As you may know, and if you're reading this chances are you do, there's
this post that's
been roaming around for 7 years and periodically resurfaces. It refers to a
code golfing challenge dating back in 1984, a few years before I was born.
Its rules asked to build a raytracer in C with certain features and
functions and shading models. Among those, Andrew Kensler's version, checking
in at 1337 bytes, stood out and became world-wide renowned (for good reasons,
if you ask me). This was its output.
I have recently (well, since forever) been working on a number of practice
tools for speedruns. I must have rewritten the Dark Souls III practice tool
from scratch no less than three or four times, and not a single time have I
been completely satisfied with the results, in terms of features, user experience
and reliability. Though, as I've also been working on practice tools for Sekiro,
I believe I have finally found a satisfying setup after much experimentation.
This is my first post in ages. What can I say! I've been too busy studying finance and working to devote much time to writing code for fun. I've found some form of balance as of late, though, and a new drive to discover things, and I've gotten back to the grind.
Yesterday I played for the first time Polytron's FEZ.
Graphics and design are amazing, but what truly struck me was the way the game
switched between the 2D and 3D "looks". It was truly inspiring, so I decided to
spend a little time understanding and recreating the world rotation engine.
No big secret, I'm a huge fan of procedural content generation. I'm also a big
fan of Johann Sebastian Bach and his Musikalisches Opfer, whose fascinating
story I came to know thanks to D.R. Hofstader's
"Gödel, Escher, Bach: an Eternal Golden Braid".
Lately I've been experimenting a lot with a number of CG and procedural content
generation algorithms, and began feeling the need for mathematical rigour over
the practical, "real life situation" style I've been used to by writing
way more boilerplate code than I was willing to write, and the usage of native
numeric constructs began getting in the way of performance.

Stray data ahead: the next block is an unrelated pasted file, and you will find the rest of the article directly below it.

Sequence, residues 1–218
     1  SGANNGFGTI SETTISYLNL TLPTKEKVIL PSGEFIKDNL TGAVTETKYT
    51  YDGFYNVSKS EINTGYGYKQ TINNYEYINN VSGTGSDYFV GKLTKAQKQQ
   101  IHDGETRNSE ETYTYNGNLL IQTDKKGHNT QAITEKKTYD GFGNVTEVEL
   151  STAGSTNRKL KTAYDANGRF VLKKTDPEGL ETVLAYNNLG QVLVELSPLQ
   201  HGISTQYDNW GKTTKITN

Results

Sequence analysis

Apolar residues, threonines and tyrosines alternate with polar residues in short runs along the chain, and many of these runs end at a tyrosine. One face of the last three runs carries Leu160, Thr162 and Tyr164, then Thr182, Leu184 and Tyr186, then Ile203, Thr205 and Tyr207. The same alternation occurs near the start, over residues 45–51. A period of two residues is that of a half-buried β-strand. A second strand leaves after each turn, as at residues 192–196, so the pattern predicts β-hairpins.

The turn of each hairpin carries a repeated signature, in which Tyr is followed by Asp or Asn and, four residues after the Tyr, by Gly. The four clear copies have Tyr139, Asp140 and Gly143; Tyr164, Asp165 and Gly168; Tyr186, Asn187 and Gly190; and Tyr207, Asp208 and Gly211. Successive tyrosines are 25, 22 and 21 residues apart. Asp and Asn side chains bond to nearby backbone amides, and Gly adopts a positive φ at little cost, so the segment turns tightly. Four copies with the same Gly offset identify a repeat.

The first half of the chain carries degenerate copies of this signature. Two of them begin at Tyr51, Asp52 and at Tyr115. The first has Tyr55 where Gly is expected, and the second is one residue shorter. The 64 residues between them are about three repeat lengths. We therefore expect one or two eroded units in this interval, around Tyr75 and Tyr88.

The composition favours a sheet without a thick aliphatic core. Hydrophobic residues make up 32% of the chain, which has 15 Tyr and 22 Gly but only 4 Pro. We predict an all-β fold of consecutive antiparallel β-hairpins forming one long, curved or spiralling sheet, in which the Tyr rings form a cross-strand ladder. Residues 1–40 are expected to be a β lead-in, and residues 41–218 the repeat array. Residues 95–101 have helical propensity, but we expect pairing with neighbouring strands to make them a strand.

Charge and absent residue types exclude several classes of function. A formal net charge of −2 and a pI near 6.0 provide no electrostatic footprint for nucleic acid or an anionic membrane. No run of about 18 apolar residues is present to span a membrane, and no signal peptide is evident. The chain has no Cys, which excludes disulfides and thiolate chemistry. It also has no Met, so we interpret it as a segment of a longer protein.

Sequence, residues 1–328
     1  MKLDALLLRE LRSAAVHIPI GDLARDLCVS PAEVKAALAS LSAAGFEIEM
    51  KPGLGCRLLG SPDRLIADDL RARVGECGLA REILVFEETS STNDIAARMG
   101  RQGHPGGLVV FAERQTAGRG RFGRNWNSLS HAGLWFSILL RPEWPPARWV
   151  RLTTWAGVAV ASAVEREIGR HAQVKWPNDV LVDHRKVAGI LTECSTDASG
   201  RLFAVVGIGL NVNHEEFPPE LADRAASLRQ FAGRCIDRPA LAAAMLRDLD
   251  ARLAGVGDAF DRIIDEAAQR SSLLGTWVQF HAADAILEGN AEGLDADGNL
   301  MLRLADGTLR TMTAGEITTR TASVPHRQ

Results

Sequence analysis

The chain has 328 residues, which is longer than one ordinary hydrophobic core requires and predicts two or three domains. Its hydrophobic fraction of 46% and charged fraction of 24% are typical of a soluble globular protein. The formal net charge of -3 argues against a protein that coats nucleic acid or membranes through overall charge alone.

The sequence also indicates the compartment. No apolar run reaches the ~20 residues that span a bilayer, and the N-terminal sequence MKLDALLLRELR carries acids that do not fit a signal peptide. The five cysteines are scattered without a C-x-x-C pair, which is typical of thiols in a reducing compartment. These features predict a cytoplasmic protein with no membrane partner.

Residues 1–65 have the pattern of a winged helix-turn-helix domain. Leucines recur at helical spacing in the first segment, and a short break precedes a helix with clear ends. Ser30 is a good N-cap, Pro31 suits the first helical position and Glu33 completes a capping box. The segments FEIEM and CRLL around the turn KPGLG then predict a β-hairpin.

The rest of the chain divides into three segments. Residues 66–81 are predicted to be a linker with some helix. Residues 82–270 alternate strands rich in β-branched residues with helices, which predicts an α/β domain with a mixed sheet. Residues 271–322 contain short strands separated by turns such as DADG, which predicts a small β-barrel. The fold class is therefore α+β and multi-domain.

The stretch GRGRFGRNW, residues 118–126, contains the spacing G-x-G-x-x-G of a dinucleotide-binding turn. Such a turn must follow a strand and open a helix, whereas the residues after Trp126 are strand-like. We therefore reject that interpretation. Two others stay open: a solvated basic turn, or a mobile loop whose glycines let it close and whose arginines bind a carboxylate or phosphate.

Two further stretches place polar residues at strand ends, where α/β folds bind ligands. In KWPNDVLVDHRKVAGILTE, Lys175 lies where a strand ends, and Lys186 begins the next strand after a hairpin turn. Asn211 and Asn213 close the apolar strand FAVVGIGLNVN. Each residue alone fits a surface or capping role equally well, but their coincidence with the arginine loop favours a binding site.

Skeletal animation is a technique that allows for fast, efficient animation of 3D models. In this post I'm going to explain the concepts and my implementation for the GPU matrix palette skinning algorithm in WebGL. Skeletal animation is quite complex and I struggled to find a guide that explained clearly what was going on, or that didn't waste too much time around language-specifics or code engineering making it quite hard to connect the dots in a simple way, so I hope I can manage to keep it simple enough.
In this post I will show you the way I implemented a keyframe-based 3D real
time animation using WebGL. Familiarity with the WebGL / OpenGL rendering
pipeline, and with linear algebra is necessary. There don't seem to be
many well-made explainations online about real time 3D animation with
WebGL which aren't involving Three.js and COLLADA so I hope that this will
be useful for those who wish to program their own animations.
I recently bought a LeapMotion. It's a great little tool, although interacting with it has somewhat of a learning curve. The API on the other hand has quite a beautiful design, is very well documented and a couple of minutes of reading are enough to get started.
I started this blog because I recently stumbled across the beautiful world of graphics programming, and thought that maybe for once sharing my learning process could be useful to somebody, somewhere in the world.